4 technical tools and tips to improve your writing

It does not matter whether you’re writing a company-wide memo, wrestling over a school assignment, or working on your first novel. Writing is never effortless. It takes work. If you are here, you already know that. Fortunately, there are a few tips to improve the writing (or post-writing) process.

I have spent much of the last decade as a freelance writer. In doing so, I had to find some tips and ways to use technology to help me through the process. This includes things like learning how to edit myself better and later find out who shared my published work. Writing might not be easy, but it doesn’t have to be impossible either.

Use technology to detect typos and errors

Did you know that the spell checker was once a benchmark used to measure the speed of a computer’s operation? Its usefulness was revolutionary. Now, red lines adorn every text box, and computational overhead is a distant memory. Technical tools for writing abound. If you write in Google Docs, you know how much help it can give you. Its grammar and spell checking can also burn you out.

To avoid missing out on mistakes, don’t rely on just one writing tool. Instead, combine several to better edit yourself on a first or second pass. As good as Google docs is finding conflicting times or trending proper names, I also saw that a lot of obvious mistakes were missing.

Likewise, Grammar is an amazing writing assistant that can help you in web forms or almost anywhere you find yourself typing.

The combination of several tools helps reduce errors. It’s like passing your writing through strainers of different sizes. It takes a long time to do for each writing task, but can be worth it for the important tasks.

Beyond Google Docs or Grammarly, Hemingway application is an interesting resource that will grade a piece of text and highlight the passive voice, hard-to-read sentences, and other ways your writing might Be improved improve.

Improve your writing on your own

Editing your own handwriting is a super power. Few people are born with the skill. But it’s also not manageable if a writer stops every time an editor isn’t available. I try to get my wife to read my writing when I can, but often the timing is not practical. So a few years ago, I started using text-to-speech technology to help me proofread and improve my own writing. Hearing the words out loud, in a different voice, is a game-changer.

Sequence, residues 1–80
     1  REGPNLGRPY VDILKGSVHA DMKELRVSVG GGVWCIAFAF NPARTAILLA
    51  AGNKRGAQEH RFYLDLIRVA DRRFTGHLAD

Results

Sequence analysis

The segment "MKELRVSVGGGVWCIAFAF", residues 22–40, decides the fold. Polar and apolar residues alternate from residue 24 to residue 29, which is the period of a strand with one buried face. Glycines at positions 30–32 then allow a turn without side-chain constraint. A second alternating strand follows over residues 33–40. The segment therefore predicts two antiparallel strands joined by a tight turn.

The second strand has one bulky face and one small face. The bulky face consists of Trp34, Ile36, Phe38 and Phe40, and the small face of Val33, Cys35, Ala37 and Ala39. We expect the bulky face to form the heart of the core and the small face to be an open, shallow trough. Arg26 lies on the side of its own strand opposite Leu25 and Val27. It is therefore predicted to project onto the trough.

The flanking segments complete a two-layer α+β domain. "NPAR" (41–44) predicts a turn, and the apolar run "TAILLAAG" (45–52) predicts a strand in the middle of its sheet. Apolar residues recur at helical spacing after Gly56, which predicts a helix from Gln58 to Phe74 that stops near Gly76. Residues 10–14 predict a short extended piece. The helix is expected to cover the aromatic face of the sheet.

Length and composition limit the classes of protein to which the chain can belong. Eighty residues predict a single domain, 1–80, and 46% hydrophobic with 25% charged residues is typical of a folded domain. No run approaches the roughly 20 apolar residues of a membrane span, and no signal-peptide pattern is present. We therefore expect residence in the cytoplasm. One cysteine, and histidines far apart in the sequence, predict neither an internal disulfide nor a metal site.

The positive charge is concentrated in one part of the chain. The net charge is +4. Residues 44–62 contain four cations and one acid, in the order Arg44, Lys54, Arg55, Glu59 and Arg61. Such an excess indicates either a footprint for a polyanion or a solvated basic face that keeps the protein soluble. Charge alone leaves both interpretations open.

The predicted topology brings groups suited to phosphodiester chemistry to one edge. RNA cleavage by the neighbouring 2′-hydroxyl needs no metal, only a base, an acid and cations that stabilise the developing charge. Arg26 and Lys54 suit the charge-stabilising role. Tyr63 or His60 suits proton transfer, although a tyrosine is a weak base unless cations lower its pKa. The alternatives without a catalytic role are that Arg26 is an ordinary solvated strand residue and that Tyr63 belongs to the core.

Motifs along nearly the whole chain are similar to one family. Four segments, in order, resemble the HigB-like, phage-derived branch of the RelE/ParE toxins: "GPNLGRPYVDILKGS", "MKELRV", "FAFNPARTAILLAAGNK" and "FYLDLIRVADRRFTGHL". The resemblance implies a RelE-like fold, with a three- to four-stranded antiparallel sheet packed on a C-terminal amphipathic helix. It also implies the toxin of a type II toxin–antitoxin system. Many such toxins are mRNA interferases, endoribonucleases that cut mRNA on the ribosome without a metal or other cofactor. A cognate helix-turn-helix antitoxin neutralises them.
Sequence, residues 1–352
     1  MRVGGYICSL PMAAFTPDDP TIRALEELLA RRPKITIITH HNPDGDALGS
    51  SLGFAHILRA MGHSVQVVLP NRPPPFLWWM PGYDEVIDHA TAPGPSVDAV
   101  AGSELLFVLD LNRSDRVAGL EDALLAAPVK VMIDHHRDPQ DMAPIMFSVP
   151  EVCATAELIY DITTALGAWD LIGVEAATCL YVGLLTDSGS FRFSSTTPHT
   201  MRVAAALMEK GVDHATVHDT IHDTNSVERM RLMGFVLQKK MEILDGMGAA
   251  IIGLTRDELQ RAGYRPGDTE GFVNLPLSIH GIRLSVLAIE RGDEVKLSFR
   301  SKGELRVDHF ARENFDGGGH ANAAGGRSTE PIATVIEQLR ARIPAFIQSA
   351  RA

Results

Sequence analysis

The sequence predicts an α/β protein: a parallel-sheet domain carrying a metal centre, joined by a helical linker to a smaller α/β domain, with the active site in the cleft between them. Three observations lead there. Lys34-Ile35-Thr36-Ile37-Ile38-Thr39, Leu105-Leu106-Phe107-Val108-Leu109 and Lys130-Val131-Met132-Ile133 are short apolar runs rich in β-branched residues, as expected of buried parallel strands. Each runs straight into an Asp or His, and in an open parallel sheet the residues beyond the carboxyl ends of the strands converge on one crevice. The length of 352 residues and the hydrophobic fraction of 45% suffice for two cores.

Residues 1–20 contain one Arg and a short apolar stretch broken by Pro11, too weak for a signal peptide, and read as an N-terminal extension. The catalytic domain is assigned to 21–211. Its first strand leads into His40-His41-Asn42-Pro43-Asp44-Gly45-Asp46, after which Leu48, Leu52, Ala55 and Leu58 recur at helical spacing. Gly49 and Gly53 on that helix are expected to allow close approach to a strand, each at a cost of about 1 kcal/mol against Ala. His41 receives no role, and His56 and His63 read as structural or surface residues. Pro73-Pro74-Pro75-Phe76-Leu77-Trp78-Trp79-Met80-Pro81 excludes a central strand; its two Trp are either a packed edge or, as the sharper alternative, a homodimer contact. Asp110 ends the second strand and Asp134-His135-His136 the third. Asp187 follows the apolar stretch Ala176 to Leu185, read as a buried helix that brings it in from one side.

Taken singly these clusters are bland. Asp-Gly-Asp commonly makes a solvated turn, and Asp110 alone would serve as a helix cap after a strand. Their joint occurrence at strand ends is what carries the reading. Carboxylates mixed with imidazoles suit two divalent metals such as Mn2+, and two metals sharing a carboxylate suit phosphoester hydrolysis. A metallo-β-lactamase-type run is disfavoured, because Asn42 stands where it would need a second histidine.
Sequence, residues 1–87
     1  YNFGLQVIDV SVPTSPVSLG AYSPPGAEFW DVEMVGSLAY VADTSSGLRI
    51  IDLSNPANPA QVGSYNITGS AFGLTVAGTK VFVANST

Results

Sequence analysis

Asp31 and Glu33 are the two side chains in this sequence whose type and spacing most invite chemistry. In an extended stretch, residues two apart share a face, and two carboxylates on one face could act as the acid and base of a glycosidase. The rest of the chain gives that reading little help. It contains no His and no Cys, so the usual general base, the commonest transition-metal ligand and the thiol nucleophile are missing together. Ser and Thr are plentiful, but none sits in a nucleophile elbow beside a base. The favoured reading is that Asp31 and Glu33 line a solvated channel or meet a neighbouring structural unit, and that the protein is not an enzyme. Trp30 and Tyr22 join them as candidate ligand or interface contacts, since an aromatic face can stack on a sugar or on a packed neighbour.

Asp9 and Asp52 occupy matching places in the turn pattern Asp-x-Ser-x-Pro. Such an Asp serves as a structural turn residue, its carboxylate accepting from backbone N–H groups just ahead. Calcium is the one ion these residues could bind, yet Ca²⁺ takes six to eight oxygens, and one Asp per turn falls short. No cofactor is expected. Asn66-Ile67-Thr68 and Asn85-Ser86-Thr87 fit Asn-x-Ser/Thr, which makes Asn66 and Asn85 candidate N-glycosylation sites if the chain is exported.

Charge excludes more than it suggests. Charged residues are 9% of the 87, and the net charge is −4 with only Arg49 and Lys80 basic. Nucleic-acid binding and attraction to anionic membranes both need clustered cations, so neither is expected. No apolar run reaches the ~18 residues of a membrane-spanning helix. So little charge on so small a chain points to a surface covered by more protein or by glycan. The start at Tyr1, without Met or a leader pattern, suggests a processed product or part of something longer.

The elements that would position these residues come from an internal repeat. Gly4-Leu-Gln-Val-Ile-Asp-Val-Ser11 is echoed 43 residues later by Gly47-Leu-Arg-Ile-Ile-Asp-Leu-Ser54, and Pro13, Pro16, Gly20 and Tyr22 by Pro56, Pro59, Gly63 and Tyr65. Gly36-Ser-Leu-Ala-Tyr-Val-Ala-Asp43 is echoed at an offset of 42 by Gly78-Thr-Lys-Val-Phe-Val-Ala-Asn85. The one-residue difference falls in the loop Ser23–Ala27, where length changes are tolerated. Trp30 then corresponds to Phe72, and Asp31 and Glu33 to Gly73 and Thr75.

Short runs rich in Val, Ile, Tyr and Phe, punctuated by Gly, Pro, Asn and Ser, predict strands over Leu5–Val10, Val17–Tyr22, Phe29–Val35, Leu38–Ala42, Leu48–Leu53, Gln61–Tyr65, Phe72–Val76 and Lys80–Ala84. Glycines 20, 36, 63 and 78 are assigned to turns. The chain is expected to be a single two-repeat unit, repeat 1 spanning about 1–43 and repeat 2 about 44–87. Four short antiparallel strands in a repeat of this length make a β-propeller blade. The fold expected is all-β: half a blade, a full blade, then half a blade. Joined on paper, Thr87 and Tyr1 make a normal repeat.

There are many ways to do this. The capability is native on iOS, macOS, and Windows. If you highlight a selection of text on an iPhone, one of the options on the right is “Speak.” It will start to read the selected text. On a Mac, the option is under the Edit, Speech menu item. This feature is Narrator on Windows. To activate it, go to Settings, Ease of access, then Narrator.

Beyond capturing skipped words, I use text-to-speech to discover lack of tension or information gaps. Hearing rather than seeing your writing is a great way to find what is missing. Listening helps you be more objective in your own work. In the worst case scenario, read your work aloud to yourself, aloud, and not just by skimming over your draft. Hearing the sentences out loud will help you spot places where you inadvertently wrote an endless sentence or where you might have used different words.

Track your writing on the Internet

If you are writing for publication somewhere, be sure to follow up on your work once it gets published. Whether it’s a corporate blog post, marketing material, personal essay, fictional story, or reportage, seeing how it’s shared allows a writer to have a picture. full of the impact of his words.

Social impact tracking can quickly lead you into a world of SEO and marketing tools. It is probably best to avoid them, unless it is your domain or you are responsible for it. Try instead Muckrack’s service for tracking URLs and see their influence among journalists, if that’s something you want to keep track of. You can also use a service like CrowdTangle to see how your work is shared on social media. Its functionality has varied over the years, but it does offer some insight into link sharing on Facebook. You can also try tools like Authority, which also tracks how your work is shared across the web and social media, and collects it all into a shareable profile that you can save.

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